Nottidge TE
Akpanudo EI
Akinbami O

Department of Surgery,
University of Uyo Teaching Hospital, Uyo, Nigeria.

Grant support: None
Conflict of interest: None



The general perception in Uyo, the capital city of Akwa-Ibom State, is that the populace prefers Traditional Bone Setter (TBS) care to Modern Orthopaedic Fracture care.

Aims and Objectives

Given the option, this study aims to ascertain the attitude of the population on choice between TBS and orthopaedic fracture care and identify some of the reasons for such a preference, thus providing a basis for improving orthodox care delivery and increasing patronage of same.

Design of the study

This is a prospective observational study, using self-administered pre-tested questionnaires.


The study was carried out in two sites - the General Out-patient Department of the University of Uyo Teaching Hospital (UUTH) and in the major town based public transport park in Uyo.

Materials and Methods

This study was carried out on two populations: one in the General Out-patient Department of the University of Uyo Teaching Hospital over a three-day period, and the other in the general Uyo community over a five-day period, using a self-administered pre-tested questionnaire.

The required sample size was determined to be 24 for both populations, using the Statcalc domain of Epi-info 3.4.1. However, 95 respondents were recruited into the GOP arm and 150 into the Community group. Consent for the study was obtained from the Ethical Research Board of the Hospital.


Sixty percent (60%) of our hospital clients will opt for hospital care if they sustain a fracture. In the community, 64% prefer TBS treatment for a fracture, while 36% prefer hospital care for the same problem. When both sets of data were combined 134 people (54.7%) preferred TBS care. There was a positive correlation between the preference for hospital care and the highest level of education that the person achieved. People in the community indicated that the fear of a limb amputation was their main reason for preferring TBS care, if they or a relation sustained a fracture.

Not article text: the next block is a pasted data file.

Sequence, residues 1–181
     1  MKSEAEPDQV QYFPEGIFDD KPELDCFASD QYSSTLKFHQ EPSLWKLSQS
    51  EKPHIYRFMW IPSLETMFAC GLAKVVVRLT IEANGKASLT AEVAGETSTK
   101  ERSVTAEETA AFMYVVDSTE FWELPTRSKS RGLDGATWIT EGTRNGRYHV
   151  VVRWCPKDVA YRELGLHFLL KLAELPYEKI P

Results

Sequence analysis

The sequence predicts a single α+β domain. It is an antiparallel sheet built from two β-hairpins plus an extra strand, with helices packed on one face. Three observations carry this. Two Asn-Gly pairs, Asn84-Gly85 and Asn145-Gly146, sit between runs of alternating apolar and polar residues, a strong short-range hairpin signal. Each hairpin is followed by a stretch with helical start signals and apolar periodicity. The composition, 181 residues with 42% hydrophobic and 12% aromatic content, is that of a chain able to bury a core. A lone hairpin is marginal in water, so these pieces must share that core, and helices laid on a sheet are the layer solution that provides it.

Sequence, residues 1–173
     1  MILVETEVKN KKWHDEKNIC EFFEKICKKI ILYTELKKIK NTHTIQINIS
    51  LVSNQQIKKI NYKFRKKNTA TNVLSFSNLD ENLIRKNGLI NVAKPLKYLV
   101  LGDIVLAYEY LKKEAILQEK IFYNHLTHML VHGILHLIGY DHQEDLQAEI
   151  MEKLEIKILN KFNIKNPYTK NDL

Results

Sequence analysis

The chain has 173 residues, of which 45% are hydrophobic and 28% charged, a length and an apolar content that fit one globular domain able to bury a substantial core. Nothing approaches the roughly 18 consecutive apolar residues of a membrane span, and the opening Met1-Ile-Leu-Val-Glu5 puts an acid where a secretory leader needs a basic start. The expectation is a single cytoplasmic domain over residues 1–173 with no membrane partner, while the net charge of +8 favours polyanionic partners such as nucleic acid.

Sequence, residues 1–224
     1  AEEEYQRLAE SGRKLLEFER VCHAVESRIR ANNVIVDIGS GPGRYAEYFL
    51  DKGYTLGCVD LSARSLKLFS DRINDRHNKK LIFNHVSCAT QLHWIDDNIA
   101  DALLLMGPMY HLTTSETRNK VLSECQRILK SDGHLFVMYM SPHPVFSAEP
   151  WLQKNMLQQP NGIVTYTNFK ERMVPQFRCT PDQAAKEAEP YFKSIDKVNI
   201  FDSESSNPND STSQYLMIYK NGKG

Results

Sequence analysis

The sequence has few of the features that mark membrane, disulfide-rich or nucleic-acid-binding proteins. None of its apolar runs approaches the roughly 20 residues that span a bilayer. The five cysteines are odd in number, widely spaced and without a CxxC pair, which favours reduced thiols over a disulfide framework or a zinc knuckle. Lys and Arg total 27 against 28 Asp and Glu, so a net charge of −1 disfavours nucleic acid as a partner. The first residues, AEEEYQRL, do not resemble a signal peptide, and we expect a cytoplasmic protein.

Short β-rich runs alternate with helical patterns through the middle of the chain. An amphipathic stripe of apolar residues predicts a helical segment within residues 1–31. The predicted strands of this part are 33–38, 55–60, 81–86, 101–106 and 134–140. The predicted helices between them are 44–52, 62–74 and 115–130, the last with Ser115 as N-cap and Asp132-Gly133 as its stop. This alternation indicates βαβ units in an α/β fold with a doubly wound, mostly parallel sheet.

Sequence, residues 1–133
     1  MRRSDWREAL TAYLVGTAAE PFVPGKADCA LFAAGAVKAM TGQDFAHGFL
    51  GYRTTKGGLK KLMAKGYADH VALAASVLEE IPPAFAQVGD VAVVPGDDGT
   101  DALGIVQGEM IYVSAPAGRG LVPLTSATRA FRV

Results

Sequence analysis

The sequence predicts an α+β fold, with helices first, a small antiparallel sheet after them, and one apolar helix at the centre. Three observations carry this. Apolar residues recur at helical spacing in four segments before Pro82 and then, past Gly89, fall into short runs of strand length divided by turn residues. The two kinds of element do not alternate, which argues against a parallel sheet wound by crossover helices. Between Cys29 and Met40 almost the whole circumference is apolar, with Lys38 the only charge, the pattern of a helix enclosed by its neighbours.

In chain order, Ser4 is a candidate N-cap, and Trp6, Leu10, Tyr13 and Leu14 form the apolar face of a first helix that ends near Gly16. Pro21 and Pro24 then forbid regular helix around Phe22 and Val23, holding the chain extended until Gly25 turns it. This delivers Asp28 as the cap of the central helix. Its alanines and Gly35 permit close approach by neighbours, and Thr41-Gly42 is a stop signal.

This study shows a greater preference for TBS care in Uyo, due to the fear of amputation, the long time to see the doctor, a presumed high cost of orthodox care and a lack of formal education. Religious concerns and the duration of care are not important determinants.

Reducing the waiting time for seeing a doctor and the immediate cost of orthopaedic care; improving the patient doctor relationship and public enlightenment about the processes of medical care (especially to allay the fear of amputation), will help to improve the proportion of the Uyo populace, who access and benefit from Orthopaedic fracture care.

Key words: Fracture care, Nigeria, Traditional, Orthodox, Preference.

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